Numerous risk loci for prostate cancer have been identified including a number in chromosome 8q24 (Amundadottir et al., 2004; Helfand et al., 2010; Kim et al., 2010; Okobia et al., 2011) and we tested 15 SNPs in chromosome 8q24.21 (Table 4) that were thought to contribute to prostate cancer risk, mortality, high Gleason scores or biochemical recurrence. The importance of this region was first implicated in prostate cancer in a genetic linkage analysis in Icelandic families (Amundadottir et al., 2006) and more recently has been proposed as a chromatin regulatory hub (Du et al., 2015). Chromosome aneusomy, including the gain of the 8q24 (MYC) region, has been reported from radical prostatectomy specimens (both carcinoma and adjacent tissues) in those with prostate cancer as well as from 15% of benign prostatic hyperplasia tissue (Zhang et al., 2014). This indicates that these chromosomal changes may occur in the progression of carcinogenesis in prostate tissue. Evidence for prostate cancer association within the region is particularly strong, with five distinct linkage disequilibrium (LD) blocks, spanning a 440-kb interval on 8q24 harbouring risk variants (Al Olama et al., 2009a; Ghoussaini et al., 2008). Although chromosome 8q24 is often described as a gene desert (Kastler et al., 2010; Wasserman, Aneas & Nobrega, 2010) there are a number of genes and SNPs in this region that may lead to the development of prostate cancer (Fig. 1) and could collectively play a role as a biomarker. The closest known gene is c-MYC (Hawksworth et al., 2010). Other neighbouring genes include the pseudogene POU5F1P1 (Kastler et al., 2010), FAM84B (Ghoussaini et al., 2008) and PVT1 (Meyer et al., 2011) (Fig. 1).
C-MYC has an established role in carcinogenesis and is rearranged in approximately 15% of multiple myelomas (Glitza et al., 2015). C-MYC functions to regulate cell-cycle differentiation, proliferation and apoptosis (Albihn, Johnsen & Arsenian Henriksson, 2010) and hence it is an attractive candidate for an association with prostate cancer as these are important molecular targets for environmental variables in cancer prevention (Davis & Milner, 2007). C-MYC over-expression in prostate cancer enables androgen-independent growth and is associated with a Gleason score >5 (Karan et al., 2002; Yang et al., 2005). However, a number of authors have looked for an association between differences in c-MYC and miRNA transcription in normal and malignant tissues and 8q24 polymorphisms, yet no associations were found (Pomerantz et al., 2009; Ribeiro et al., 2007). Despite this, expression of c-MYC in early prostatic cancer tissues has been shown to be a good indicator for aggressive disease (Hawksworth et al., 2010).
The coding sequence for the gene POU5F1B is found in region 3 of chromosome 8q24 (also 4 exons and 3 transcriptional start sites are found in this region) and it is the only gene in this region with coding capacity. In addition it may play a role in regulating stem cell pluripotency (Nichols et al., 1998) and hence SNPs in this region may lead to prostate cancer susceptibility. Although Kastler et al. (2010) found a three-fold higher POU5F1P1 expression in prostate cancer tissue versus surrounding normal tissue, and Pal et al. (2009) have found an association between SNP variants in this region and susceptibility to prostate cancer (and in the case of rs6470517with aggressive prostate cancer), no association has consistently been made between gene expression and prostate cancer risk variants in 8q24 (Gudmundsson et al., 2007) or experimental design has not included both expression and risk variants (Kastler et al., 2010; Pal et al., 2009). SNPs that may be associated with POU5F1P1, namely rs1447295and rs4242383, were found to be significantly associated with prostate cancer both before and after adjustment for confounders and after correction for multiple testing (Tables 2 and 4). Rs1447295was one of the first variants in this region shown to have a strong association with prostate cancer risk in diverse populations (Amundadottir et al., 2006; Robbins et al., 2007; Yeager et al., 2007) and hence, in this respect, our data are consistent with that obtained by others.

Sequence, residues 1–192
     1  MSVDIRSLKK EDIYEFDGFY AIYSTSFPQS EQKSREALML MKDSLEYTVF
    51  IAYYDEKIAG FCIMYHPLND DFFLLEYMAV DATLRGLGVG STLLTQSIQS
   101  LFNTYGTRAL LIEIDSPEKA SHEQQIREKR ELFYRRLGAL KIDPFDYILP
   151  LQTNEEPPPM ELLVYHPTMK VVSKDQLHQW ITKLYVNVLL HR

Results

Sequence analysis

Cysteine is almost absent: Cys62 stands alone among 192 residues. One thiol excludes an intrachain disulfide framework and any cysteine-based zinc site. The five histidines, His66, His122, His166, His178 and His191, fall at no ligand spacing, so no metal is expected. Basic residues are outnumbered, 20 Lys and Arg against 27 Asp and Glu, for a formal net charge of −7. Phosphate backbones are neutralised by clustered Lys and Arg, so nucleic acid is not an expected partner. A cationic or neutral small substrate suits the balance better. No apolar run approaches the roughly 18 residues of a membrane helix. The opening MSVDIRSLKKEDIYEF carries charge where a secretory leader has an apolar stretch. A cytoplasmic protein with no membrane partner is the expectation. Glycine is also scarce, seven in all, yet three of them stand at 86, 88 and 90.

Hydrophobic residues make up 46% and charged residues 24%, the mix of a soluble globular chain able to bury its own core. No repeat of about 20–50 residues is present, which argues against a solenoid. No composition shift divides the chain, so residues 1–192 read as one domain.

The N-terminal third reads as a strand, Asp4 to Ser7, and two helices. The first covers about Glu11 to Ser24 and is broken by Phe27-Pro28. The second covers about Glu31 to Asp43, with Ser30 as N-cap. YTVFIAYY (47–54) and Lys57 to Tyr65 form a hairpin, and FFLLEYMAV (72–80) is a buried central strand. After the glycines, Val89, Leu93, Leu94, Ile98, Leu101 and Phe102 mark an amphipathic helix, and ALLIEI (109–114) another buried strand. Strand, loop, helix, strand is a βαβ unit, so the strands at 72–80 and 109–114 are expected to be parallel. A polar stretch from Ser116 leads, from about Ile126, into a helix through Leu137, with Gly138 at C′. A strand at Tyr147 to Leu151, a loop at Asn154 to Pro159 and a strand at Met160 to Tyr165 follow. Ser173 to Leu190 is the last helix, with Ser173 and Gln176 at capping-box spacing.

Rs16901979was found to be significantly associated with prostate cancer in this study). This is in general agreement with the article by Gudmundsson et al. (2007) where rs16901979is believed to contribute 2–4% to the heritability of prostate cancer in Caucasian populations, but a vastly greater percentage of heritability in Negroid populations.
In addition to the difference in mean age between the cases and controls, a limitation of this study is the lack of a definitive test to confirm that those within the control group did not have prostate cancer. A negative biopsy of the prostate gland would be a suitable criterium for inclusion of volunteers into the control group, but this was not a reasonable expectation.
Prostate cancer is one of the most common cancers amongst men, yet suitable biomarkers to accurately and reliably identify prostate cancer are not available. In this study both modifiable and non-modifiable risk factors for prostate cancer have been identified. A genetic risk score was calculated based on the 15 SNPs tested and found to be significantly associated with prostate cancer. Smoking and age significantly contributed to the risk of developing prostate cancer, and this risk was further increased by the presence of five SNPs in the 8q24 chromosomal region. The results presented here help to answer the question regarding the impact of modifiable risk factors, as well as polymorphisms in 8q24, on the risk of developing prostate cancer.